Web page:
A fresh customer service situation unfolded this week that I feel is worth sharing. Once again it resulted in me, scratching my head, and questioning my intense dislike for business behaviors that make no sense to me. Perhaps I am a bit harsh, but I have no plans to change my opinion on “stupid” behaviors.
I believe my bar for customer expectations is at a comfortable level, and this is why I become so disappointed when people fail to meet the minimum requirements for no good reason … according to me.
Situation: Best Buy. I stopped in to research an MP3 player for my sister who indicated an interest but isn’t very tech savvy. I thought I would do a little due diligence for her as long as I was passing by the store. It was 10 AM and the store just opened; the sales people did not have the luxury of being disgruntled as if having been subjected to eight hours of elementary questions. (Note: When unfamiliar with the subject matter, there is no such thing as an elementary question.)
In my case the salesperson was both knowledgeable and patient. I liked him, and felt that I was receiving honest input. Having appropriately addressed all of my initial concerns I saw no reason why I should not purchase the unit for my sister and mail it to her, thereby eliminating any future stress on her part. That was when my enchantment turned to disappointment.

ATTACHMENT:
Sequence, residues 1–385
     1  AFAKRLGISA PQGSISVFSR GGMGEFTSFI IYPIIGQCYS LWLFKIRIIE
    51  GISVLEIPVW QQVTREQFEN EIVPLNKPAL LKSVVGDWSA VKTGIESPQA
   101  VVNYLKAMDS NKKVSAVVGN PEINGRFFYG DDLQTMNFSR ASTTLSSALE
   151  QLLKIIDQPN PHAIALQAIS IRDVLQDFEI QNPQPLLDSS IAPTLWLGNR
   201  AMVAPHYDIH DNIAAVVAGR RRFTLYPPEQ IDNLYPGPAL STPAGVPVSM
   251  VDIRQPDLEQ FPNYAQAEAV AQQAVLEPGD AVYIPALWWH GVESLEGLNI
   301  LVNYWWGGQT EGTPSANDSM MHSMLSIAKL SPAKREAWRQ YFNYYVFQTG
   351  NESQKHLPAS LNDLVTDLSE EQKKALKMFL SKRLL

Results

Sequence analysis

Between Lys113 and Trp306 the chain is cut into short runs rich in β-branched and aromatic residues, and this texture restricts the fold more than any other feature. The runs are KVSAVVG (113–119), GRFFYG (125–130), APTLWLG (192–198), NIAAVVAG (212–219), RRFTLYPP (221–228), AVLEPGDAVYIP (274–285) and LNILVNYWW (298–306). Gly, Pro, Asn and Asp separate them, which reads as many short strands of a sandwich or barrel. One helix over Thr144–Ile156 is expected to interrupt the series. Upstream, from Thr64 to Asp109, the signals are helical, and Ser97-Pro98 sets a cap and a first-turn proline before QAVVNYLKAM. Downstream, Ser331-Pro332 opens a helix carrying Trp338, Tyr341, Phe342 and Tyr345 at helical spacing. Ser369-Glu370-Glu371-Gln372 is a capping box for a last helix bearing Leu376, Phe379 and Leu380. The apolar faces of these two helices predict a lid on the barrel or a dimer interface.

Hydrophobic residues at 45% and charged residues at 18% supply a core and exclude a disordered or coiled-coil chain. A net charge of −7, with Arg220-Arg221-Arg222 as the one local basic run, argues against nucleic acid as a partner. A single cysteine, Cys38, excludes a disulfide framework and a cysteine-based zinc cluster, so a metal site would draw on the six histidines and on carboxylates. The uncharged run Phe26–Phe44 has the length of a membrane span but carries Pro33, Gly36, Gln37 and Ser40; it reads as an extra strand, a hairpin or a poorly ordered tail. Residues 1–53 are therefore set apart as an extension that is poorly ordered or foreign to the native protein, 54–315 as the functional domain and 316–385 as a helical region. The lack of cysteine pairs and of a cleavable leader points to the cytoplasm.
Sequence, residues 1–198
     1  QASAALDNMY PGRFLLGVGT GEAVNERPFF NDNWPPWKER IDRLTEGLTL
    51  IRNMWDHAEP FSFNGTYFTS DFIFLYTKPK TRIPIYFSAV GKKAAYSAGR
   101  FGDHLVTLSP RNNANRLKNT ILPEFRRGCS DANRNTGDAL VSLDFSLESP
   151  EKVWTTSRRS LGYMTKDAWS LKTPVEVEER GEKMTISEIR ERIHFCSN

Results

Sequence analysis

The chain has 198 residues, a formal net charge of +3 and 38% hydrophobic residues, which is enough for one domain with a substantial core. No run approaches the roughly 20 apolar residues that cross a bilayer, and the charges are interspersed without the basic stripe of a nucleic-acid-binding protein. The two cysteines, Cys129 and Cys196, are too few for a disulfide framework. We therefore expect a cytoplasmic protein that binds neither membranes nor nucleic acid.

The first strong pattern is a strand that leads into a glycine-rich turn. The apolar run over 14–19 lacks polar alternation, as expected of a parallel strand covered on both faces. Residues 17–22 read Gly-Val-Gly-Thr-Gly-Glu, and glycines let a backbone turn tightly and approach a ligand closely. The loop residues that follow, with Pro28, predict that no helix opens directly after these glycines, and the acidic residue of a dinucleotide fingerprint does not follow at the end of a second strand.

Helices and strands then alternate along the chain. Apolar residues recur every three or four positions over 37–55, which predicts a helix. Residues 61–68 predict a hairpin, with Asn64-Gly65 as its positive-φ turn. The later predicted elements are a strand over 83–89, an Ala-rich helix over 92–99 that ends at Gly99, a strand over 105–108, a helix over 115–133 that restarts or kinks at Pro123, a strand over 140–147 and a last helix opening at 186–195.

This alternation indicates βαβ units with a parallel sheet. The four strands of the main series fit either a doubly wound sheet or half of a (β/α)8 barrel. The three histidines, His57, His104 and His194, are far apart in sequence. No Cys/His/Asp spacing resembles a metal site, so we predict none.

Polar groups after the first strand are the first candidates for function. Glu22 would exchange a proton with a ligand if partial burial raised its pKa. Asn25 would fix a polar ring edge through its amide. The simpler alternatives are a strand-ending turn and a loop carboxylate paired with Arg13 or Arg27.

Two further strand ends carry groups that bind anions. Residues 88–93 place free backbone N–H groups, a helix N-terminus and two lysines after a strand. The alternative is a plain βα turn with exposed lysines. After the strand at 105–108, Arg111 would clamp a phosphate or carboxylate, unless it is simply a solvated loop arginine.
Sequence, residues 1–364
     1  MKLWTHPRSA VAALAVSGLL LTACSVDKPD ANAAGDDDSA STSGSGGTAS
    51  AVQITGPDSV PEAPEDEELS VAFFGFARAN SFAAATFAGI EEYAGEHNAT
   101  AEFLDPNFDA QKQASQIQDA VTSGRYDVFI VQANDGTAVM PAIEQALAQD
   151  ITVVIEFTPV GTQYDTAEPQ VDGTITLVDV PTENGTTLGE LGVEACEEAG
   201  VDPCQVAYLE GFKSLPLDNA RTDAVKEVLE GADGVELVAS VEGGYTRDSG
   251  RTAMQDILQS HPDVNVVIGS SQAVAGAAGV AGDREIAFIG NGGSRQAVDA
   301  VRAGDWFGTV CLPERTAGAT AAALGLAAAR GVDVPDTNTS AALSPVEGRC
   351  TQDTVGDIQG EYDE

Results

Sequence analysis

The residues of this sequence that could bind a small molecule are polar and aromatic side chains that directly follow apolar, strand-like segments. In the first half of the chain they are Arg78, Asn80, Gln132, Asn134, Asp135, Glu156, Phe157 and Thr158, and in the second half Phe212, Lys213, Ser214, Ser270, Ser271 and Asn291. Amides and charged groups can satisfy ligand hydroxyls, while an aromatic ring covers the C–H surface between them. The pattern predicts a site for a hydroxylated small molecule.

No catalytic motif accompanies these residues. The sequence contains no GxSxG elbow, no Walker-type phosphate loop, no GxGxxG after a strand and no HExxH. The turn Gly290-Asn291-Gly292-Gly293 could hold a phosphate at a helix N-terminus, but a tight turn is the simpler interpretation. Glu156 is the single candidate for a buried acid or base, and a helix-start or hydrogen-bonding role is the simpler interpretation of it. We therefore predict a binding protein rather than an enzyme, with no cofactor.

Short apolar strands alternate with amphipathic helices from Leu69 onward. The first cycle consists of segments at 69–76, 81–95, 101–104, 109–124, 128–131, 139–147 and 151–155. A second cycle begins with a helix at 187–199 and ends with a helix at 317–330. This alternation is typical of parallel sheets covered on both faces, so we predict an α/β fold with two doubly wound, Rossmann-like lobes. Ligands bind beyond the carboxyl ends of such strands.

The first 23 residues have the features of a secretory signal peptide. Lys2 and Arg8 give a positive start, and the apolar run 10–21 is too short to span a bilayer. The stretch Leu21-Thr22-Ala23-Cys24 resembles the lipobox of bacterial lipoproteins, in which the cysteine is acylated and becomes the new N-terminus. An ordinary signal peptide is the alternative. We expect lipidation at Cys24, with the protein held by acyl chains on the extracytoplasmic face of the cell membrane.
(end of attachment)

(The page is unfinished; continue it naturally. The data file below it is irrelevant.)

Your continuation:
As soon as the credit card transaction was approved and the device inserted into a bag along with the receipt, the salesman turned away mumbling something that sounded like “goodbye.” He turned on a dime while handing me the receipt, his eyes darting off toward what I believe was the dishwasher department. Then he was off in a flash, without cementing the relationship.
If this were an isolated incident, I probably would not be taking the time to share my chagrin. It wasn’t. This sales behavior plays out all too often in just about every industry.
I share the story with you for very good reason. I fear that many travel agents are very attentive until final payment. Yet, it is at this point in time that “meaningful relationships” are built. It is no wonder the percentage of repeat clients is so low in the travel industry. (You might feel otherwise, but I am afraid you are dead wrong.)
Today’s message: It is what you do after everything has been done that will position you is the Real Deal. Don’t stop doing what you do too soon. We, the consumers, know what good service looks like, feels like and tastes like. And we are always taking notes and grading you accordingly.
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